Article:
Indeed, the
basic logic of my position—increasing your party`s share
of the majority brings in more votes than increasing
your share of the minority—is so obvious that I couldn`t
believe that Rove actually believed his spin to the
ex-English majors and other

innumerates
who constitute the vast majority of
reporters.

As I pointed
out

last year
, when the crunch time arrived in the next
election, Rove dumped minority outreach and went

"hunting where the ducks are."
He launched a
massive get-out-the-vote drive among the Republican
base. (VDARE.COM house style, to which I must modestly
bow, is to call this appeal to the white majority
“The

Sailer Strategy
.”
)

Some sharper
liberals noticed Rove`s ploy. Democratic pollster

Ruy Teixeira
came to the same

conclusion
. He

told
me, "The demographic theme of the 2002
election for the Republicans was `Round up the usual
suspects,` and they did a good job at it."
The
results for the Republicans were excellent.

But the lack
of national exit poll data has allowed many

commentators
to go on making up fairy tales about
the GOP winning by broadening its tent.

In analyzing
the Roper data, I`ll concentrate on the races in 2002
for the House of Representatives, since those are more
comparable from year to year than the Senate or Governor
races.

As I

wrote
for UPI, the actual Rove strategy (as opposed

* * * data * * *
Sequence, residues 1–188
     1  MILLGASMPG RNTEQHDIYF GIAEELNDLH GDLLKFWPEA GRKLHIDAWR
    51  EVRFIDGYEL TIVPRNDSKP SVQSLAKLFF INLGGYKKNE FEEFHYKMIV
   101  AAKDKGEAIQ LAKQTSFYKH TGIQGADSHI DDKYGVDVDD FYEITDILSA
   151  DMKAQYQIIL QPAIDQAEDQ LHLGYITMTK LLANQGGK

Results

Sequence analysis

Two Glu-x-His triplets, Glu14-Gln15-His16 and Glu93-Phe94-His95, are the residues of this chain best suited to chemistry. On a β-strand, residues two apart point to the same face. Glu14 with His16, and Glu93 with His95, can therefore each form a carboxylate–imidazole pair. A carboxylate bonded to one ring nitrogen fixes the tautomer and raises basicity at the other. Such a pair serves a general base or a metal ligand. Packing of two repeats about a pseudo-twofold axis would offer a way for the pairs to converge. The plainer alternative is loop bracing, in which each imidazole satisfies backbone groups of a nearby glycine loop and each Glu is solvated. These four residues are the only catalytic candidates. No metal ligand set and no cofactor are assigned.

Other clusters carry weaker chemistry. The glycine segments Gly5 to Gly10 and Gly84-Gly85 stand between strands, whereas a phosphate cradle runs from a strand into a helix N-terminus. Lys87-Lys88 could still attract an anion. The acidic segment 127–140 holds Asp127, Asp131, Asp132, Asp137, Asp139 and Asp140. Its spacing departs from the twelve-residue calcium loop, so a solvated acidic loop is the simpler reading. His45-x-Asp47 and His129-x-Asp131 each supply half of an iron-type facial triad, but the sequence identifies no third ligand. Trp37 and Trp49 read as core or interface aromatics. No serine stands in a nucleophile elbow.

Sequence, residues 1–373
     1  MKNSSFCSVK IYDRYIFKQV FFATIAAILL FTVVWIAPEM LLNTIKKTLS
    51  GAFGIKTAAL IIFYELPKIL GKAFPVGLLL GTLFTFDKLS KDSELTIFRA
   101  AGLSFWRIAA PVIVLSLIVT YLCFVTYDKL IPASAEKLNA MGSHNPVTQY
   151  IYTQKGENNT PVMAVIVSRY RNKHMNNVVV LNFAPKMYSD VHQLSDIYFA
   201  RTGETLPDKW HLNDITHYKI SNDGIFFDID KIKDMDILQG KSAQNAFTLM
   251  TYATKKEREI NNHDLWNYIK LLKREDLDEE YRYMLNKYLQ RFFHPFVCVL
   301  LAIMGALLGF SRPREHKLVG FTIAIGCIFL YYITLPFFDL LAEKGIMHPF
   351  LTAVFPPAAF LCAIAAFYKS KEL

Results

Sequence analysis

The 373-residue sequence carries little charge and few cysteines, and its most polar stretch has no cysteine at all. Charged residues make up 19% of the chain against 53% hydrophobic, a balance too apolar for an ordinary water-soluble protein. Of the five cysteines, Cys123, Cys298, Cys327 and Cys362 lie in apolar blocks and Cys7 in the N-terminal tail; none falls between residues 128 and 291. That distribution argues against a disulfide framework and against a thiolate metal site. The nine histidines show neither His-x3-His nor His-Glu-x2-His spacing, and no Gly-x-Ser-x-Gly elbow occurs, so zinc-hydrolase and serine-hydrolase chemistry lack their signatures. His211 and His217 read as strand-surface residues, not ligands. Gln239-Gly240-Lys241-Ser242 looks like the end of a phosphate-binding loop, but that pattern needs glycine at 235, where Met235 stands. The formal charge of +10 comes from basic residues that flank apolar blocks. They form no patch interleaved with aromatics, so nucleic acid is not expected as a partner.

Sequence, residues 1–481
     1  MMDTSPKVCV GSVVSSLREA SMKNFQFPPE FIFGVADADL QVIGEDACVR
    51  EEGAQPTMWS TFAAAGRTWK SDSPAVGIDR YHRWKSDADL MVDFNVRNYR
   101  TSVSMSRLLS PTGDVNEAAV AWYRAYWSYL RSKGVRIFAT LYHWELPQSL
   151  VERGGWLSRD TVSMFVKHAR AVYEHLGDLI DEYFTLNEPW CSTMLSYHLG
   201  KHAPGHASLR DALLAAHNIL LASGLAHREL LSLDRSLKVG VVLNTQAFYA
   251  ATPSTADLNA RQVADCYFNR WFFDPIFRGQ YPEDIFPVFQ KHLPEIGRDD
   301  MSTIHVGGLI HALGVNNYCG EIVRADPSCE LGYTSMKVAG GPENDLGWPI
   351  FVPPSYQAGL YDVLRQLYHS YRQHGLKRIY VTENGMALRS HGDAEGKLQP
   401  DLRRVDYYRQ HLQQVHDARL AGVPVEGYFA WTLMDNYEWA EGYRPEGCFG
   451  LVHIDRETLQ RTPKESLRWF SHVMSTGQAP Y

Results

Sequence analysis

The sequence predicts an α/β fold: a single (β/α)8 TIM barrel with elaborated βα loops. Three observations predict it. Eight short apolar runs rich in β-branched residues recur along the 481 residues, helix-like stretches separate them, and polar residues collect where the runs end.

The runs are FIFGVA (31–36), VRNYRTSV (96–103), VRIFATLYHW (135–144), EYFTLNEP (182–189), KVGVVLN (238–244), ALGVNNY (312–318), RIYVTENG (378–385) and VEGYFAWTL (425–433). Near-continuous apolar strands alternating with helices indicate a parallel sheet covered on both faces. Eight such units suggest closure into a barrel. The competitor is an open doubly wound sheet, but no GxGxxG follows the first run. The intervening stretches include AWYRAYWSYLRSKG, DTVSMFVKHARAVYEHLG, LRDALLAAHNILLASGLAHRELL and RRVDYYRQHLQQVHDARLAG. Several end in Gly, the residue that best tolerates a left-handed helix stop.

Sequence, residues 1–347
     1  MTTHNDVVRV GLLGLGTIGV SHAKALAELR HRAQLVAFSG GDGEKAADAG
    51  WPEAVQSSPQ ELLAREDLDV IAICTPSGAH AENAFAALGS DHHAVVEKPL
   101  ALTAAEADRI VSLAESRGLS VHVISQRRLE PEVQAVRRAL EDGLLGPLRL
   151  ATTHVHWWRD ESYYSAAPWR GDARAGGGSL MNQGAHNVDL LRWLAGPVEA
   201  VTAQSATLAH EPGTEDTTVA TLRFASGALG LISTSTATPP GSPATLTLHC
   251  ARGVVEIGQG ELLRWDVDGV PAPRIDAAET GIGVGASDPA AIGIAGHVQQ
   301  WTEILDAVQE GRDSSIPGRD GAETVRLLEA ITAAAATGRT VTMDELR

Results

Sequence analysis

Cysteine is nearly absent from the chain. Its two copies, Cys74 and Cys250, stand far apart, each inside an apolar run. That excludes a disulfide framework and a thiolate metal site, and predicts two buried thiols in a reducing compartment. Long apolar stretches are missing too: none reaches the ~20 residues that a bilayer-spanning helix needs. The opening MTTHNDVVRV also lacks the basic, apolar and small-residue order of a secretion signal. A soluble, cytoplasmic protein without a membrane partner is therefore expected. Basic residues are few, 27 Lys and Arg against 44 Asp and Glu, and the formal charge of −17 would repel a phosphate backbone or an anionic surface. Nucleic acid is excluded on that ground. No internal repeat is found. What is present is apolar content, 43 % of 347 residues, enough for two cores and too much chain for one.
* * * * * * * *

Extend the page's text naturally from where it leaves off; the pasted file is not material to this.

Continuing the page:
to the one that he talked about so much) brought these
changes:

"[The GOP`s] share of the non-white vote
dropped from 25 percent in 2000 to 23 percent. That
mattered little, however, because its share of the
white-vote segment grew from 55 percent to 59 percent.
Further benefiting the Republicans, the white portion of
the electorate increased from 81 percent to 82 percent
[because of improved turnout], even though the
total population is becoming less white each year. The
result was that the GOP became more dependent upon white
voters, with whites casting 92 percent of all votes for
Republicans, up from 90 percent in 2000."

Case closed.

Here are
some further useful details from this trove of Election
2002 numbers:

  • The GOP`s

    fraction
    of the black vote declined, from eleven to
    nine percent.

  • Asians continued to move to the
    left, with the Republican share falling from 40 percent
    to 34 percent.

Conventional
Republican commentators like

Barone
assumed that Asians, being prosperous and
law-abiding—the "new Jews," as he thinks of
them—would automatically assimilate into the GOP.

Unfortunately for Republicans
, they are now

voting like
the "old
Jews
“!


  • Hispanics voted 38 percent Republican, up from 35
    percent in 2000.

But the
Hispanic vote always fluctuates in parallel with the
white vote, just many points further to the left. The
white-Hispanic spread was 20 points in 2000 (55 v. 35)
and actually rose to 21 points (59 v. 38) in 2002. In
the last

dozen
House races going back through 1980, this
white-Latino "ethnic gap" has held relatively steady at
19 to 28 points.

Moreover,
the GOP`s share of Hispanic ballots in 2002`s Senate and